Ellsberg spent two years in Vietnam for the State Department, from 1965 to 1967, before he eventually returned to Rand as a consultant.

In 1971, he released 7,000 pages of a secret study of Vietnam War decision-making that became known as the Pentagon Papers, first to The New York Times and then to other newspapers.

The study covered four presidential administrations from 1945 to 1968, but not that of Richard Nixon, who was then president. Nixon’s attorney general moved to block publication, but the Supreme Court ruled for the newspapers and against the government.

It was around then that Ellsberg met Morse for the only time. Ellsberg says Morse told him that if the information he possessed had been disclosed back in 1964, the Senate never would have passed the Gulf of Tonkin Resolution, given Democratic leaders critical of U.S. involvement.

While Ellsberg believes Johnson might have seized upon another incident to win congressional approval, “that war would not have happened” if disclosure had come during the 1964 campaign, in which LBJ beat Republican Barry Goldwater by a landslide for the presidency.

Ellsberg was prosecuted under the Espionage Act for disclosing the Pentagon Papers. But the charges were dismissed in 1973 after it was disclosed that a team authorized by Nixon's White House had burglarized the Beverly Hills, Calif., office of Ellsberg’s psychiatrist while seeking to discredit Ellsberg. The same burglars were later arrested and convicted in connection with bugging Democratic Party national headquarters at the Watergate in Washington, D.C.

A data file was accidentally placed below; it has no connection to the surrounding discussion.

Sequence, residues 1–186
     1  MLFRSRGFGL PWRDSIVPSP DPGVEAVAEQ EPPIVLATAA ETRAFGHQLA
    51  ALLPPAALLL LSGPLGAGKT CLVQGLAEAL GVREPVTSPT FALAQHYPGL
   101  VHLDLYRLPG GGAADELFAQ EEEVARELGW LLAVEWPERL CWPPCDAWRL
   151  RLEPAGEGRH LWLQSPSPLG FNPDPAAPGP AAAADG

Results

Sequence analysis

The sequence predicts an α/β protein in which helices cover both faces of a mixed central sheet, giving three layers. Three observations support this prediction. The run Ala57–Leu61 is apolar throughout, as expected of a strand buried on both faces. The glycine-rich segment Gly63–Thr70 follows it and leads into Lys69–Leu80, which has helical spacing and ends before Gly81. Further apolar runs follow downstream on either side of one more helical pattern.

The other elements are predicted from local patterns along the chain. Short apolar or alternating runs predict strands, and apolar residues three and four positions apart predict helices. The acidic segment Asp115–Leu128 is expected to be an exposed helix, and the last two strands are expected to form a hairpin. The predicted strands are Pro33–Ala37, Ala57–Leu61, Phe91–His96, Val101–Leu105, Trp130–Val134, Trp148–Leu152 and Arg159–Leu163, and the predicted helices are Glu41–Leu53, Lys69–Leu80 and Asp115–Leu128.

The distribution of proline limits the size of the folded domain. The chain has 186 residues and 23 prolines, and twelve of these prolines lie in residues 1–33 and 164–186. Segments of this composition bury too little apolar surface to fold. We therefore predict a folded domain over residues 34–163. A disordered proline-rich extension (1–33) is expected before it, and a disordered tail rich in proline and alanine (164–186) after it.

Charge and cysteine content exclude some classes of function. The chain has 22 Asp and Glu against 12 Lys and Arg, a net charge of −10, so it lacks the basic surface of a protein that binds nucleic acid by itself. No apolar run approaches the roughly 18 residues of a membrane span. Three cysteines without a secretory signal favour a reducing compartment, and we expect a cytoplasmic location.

Nixon resigned the presidency a year later.

But if Nixon had not been caught up in the Watergate scandals, Ellsberg said, he would have continued the Vietnam War even though U.S. troops were withdrawn in 1973 under the Paris accords. Nixon had given secret assurances to the South Vietnamese president that the U.S. would resume bombing North Vietnam for violations of the accords.

Ellsberg said while the war continued for a few more years, the effect of his disclosure of the Pentagon Papers was summed up by H.R. Haldeman, Nixon's chief of staff, as quoted on the White House tapes in June 1971:

“The implicit infallibility of presidents, which has been an accepted thing in America, is badly hurt by this, because it shows that people do things the president wants to do even though it’s wrong — and the president can be wrong.”